Michael Lally (poet)

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Michael Lally
Born (1942-05-25)May 25, 1942
Orange, New Jersey
Occupation Poet, Playwright, Actor

Michael Lally (born May 25, 1942) is an American-born poet and the author of twenty-seven books of poetry. He is considered part of the New York School of poetry, which began in the early 1950s and is acknowledged as one of the most influential movements of American poetry. He counts among his major influences the poets Frank O'Hara and William Carlos Williams, as well as writer William Saroyan.

Biography[edit]

Early years[edit]

The youngest of seven in an Irish-American family of policemen, priests, and politicians Lally was born in Orange, New Jersey and raised in South Orange, New Jersey.[1] His poetry and prose moves through and reflects on many of the seminal shifts in American culture from the 1950s forward: the civil rights, gay rights, women’s rights and anti-war movements and his active participation in each. Master of the autobiographical style, his writing charts the internal emotional landscape of the evolving 20th century man.

Lally started out playing piano and reading his poetry in coffeehouses and bars in 1959. In 1962 he joined the United States Air Force, where he spent more than four years as an enlisted man, and later used the G.I. Bill to attend the University of Iowa Writers' Workshop. While living in Iowa Lally’s devotion to political reform extended beyond editorials. In the fall of 1968 he actively campaigned for the position of Johnson County Sheriff as part of the Peace and Freedom Party ticket.

Writing career[edit]

In 1972 he wrote the autobiographical “South Orange Sonnets” which received a New York Poetry Center Discovery Award.

Acting career[edit]

He moved from New York to Los Angeles in 1982 to find work acting in movies and TV (as Michael David Lally), mostly as a bad guy and the occasional good guy. He was seen in films including Basic Instinct (1992), White Fang (1991) and Cool World (1992), as well as on TV as Captain Bubb in Deadwood (2004), Walter Hoyt on NYPD Blue (1995-97) and Detective Frank Costa on JAG (1997-98).[2] His writing found its way into several movies including .

Personal life[edit]

Lally has been married three times. His first wife Carol Lee Fisher from 1964 to 1979. The second wife was Penelope Milford from 1982 to 1984. He then wed a third time to Jaina Flynn in 1997 before separating in 2003. Lally has three children: Caitlin, Miles and Flynn

Bibliography[edit]

Books[edit]

  • Swing Theory (Hanging Loose Press, May 15, 2015)
  • March 18, 2003 (book-length poem with illustrations by Alex Katz, Libellum, 2004) (third edition, Charta, 2006)
  • It Takes One to Know One: Poetry & Prose (Black Sparrow Press, 2001)
  • ¿Que Pasa, Baby? (prose poem, Wake Up Heavy Press, 2001)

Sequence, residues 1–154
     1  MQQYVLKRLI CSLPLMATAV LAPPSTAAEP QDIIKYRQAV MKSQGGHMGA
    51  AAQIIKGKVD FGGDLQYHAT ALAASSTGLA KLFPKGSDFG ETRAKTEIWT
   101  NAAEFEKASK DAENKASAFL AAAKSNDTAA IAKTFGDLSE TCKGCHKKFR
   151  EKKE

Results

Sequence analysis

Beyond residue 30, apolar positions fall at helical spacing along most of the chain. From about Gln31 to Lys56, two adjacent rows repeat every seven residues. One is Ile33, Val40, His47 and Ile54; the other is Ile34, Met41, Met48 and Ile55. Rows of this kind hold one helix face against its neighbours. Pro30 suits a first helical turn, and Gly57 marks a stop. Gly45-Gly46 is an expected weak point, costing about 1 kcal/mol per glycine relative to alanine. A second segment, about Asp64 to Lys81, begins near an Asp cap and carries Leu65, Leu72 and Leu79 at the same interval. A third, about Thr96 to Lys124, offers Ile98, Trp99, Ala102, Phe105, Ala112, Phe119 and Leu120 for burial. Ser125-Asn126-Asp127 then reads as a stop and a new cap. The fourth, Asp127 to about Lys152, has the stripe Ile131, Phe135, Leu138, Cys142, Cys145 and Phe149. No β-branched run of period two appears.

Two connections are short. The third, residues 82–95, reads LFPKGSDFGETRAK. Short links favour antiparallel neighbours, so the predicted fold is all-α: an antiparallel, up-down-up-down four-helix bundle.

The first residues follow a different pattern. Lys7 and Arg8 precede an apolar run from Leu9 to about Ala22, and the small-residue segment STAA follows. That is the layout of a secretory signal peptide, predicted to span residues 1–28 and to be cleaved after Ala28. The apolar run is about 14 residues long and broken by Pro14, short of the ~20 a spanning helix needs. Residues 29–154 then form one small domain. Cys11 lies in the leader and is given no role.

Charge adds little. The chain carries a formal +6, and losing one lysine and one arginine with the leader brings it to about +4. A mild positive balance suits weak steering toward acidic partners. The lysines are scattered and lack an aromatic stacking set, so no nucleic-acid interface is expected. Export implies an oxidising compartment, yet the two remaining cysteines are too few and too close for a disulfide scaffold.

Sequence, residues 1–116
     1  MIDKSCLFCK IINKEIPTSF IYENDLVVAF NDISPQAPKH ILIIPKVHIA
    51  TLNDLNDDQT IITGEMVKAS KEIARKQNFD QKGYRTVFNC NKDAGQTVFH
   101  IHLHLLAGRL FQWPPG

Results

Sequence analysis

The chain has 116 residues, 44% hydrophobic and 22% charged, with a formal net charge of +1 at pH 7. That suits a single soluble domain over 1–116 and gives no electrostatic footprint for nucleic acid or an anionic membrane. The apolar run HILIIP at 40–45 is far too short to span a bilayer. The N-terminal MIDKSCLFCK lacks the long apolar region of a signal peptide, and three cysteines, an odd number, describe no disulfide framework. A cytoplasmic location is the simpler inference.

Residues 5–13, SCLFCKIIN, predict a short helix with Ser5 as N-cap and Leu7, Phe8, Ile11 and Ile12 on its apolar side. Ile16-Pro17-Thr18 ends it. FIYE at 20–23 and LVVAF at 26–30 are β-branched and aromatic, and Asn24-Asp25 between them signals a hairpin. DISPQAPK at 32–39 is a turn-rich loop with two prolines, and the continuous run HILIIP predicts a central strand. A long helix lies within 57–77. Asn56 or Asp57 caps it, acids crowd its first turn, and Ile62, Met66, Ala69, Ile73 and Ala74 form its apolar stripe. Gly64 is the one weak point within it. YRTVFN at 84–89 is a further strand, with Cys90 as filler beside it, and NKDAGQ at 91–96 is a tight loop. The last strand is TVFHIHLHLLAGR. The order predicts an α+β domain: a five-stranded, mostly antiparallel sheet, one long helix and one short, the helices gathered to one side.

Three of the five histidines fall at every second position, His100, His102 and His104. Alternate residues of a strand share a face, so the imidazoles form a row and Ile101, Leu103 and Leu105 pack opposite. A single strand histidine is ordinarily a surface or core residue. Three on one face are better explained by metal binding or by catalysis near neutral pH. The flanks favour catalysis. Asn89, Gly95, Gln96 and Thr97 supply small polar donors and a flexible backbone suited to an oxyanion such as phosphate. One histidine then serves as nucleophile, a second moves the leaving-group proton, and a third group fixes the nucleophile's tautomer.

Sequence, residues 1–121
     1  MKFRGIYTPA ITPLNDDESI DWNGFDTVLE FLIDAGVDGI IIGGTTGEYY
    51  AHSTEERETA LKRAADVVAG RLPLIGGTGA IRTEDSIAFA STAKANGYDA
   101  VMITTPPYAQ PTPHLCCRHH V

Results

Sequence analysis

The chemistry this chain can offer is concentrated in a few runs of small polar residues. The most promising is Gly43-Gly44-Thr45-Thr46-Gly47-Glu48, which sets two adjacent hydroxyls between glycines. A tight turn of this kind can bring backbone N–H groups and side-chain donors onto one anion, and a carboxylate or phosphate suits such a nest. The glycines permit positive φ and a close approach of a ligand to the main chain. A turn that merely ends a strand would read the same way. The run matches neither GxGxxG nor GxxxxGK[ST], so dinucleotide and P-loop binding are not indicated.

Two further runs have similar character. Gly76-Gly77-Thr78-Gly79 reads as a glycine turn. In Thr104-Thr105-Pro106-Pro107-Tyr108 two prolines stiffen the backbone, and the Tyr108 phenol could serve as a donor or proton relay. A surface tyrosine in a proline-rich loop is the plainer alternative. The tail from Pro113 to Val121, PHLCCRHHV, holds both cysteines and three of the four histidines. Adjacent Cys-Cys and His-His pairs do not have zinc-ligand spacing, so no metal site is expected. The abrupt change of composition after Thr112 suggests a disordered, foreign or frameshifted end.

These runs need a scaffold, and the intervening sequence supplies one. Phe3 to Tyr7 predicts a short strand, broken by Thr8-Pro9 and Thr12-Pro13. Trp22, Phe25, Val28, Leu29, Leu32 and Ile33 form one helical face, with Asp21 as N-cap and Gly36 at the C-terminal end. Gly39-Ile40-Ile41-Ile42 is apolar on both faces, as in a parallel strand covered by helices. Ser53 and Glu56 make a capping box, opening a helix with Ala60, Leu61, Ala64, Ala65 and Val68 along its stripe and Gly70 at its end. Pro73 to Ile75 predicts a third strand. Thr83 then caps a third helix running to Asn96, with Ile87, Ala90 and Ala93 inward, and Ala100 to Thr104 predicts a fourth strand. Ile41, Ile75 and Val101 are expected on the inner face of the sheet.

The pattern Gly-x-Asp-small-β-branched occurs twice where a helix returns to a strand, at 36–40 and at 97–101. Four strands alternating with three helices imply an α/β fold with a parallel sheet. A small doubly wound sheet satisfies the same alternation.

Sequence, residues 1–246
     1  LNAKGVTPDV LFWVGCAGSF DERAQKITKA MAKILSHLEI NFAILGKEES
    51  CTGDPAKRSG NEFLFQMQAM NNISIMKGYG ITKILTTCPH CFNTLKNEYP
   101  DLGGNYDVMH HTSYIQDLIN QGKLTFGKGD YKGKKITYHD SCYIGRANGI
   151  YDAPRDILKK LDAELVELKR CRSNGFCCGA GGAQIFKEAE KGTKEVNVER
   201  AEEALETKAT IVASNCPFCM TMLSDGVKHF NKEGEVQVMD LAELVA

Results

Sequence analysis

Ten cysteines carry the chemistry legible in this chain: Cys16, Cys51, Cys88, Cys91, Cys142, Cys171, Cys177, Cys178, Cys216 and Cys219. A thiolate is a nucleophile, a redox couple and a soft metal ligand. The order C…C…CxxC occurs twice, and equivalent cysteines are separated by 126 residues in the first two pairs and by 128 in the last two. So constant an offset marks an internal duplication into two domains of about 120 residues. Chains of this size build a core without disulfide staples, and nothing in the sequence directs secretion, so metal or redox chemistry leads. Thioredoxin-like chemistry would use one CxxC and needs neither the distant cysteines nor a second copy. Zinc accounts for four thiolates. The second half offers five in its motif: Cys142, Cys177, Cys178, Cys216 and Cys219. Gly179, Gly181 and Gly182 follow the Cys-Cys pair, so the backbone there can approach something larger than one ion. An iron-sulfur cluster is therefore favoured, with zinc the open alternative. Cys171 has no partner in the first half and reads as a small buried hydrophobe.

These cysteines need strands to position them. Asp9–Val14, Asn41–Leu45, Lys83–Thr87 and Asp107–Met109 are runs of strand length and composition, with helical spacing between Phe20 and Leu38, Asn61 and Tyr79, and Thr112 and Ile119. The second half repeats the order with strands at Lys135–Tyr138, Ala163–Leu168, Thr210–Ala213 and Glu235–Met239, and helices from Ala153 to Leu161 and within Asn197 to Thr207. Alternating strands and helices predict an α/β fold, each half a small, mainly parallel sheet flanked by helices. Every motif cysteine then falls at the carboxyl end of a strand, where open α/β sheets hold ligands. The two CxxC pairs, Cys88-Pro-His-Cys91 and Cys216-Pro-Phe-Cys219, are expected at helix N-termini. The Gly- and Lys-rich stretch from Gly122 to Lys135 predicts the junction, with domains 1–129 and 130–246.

• It's Not Nostalgia: Poetry & Prose (Black Sparrow Press, 1999)
  • Of (book-length poem, Quiet Lion Press, 1999)
  • Cant Be Wrong (poetry, Coffee House Press, 1996)
  • What You Find There (poetry compact disc, New Alliance Records, 1994)
  • Hollywood Magic (poetry, Little Caesar, 1982)
  • Attitude (poetry, Hanging Loose Press, 1982)
  • White Life (poetry, Jordan Davies, 1980)
  • In the Mood (poem, Titanic Books, 1978)
  • Catch My Breath (poetry and prose, Salt Lick Press, 1978; second edition, 1995)
  • Just Let Me Do It (poetry, Vehicle Editions, 1978)
  • Charisma (poetry, O Press, 1976)
  • Rocky Dies Yellow (poetry, Blue Wind Press, 1975; second edition, 1977)
  • Mentally, He's a Sick Man (prose, Salt Lick Press, 1975)
  • Dues (poetry, The Stonewall Press, 1975)
  • My Life (poetry, Wyrd Press, 1975)
  • Sex/The Swing Era (poetry, Lucy & Ethel, 1975)
  • Oomaloom (prose, A Dry Imager Production, 1975)
  • Malenkov Takes Over (poetry/collage, A Dry Imager Production, 1974)
  • Late Sleepers (poem, Pellet Press, 1973)
  • The South Orange Sonnets (poetry, Some Of Us Press, 1972)
  • Stupid Rabbits (poetry, Morgan Press, 1971)
  • The Lines Are Drawn (poetry, Asphalt Press, 1970)
  • MCMLXVI Poem (poem, The Nomad Press, 1970)
  • What Withers (poetry, Doones Press, 1970)
  • White Lies (prose, Donovan Press, 1969)

Plays[edit]

  • Four Grown Men, The Ear of the Dog Poets Theater Festival, 1982, New York, NY
  • Hollywood Magic, Stages Theater, 1983, Hollywood, CA 1983
  • The Rhythm of Torn Stars, 1988, The Pacific Theater, Venice CA (co-wrote)
  • Chicks: A Spiritual Quest, 1995, 321 Broadway, Santa Monica, CA

Film[edit]

  • Co-authored Fogbound (with Ate De Jong), which was a finalist at the 2003 Hollywood Film Festival and winner of the 2003 Best Feature Film award at the 5th International Panorama of Independent Filmmakers Festival in Thessaloniki, Greece.
  • Contributed to many screenplays including Drugstore Cowboy, Pump Up The Volume, The Laureate, and many more.

Song[edit]

Notable awards[edit]

  • American Book Award, 2000
  • PEN Josephine Miles Award for Excellence in Literature, 1997
  • The Pacificus Foundation Literary Award, 1996
  • National Endowment for the Arts Poetry Fellowship, 1974 and 1981
  • The Poets Foundation Award, 1974
  • The New York 92nd St. YMHA Poetry Center Discovery Award, 1972

References[edit]

  1. ^ Stewart, Susan. "Food, Drink, and Plenty of Literary Dish", The New York Times, November 25, 2007. Accessed July 28, 2011. "Michael Lally, a New Jersey poet, did not seem to be suffering from a surfeit of fame. He sat at the writers’ table and waited his turn at the lectern.... Mr. Lally read next, from a work-in-progress he called “Poor Moth Boy on the Moon,” about growing up Irish Catholic in South Orange, N.J."
  2. ^ http://www.imdb.com/name/nm0482470/?ref_=nmbio_bio_nm

Further reading[edit]

External links[edit]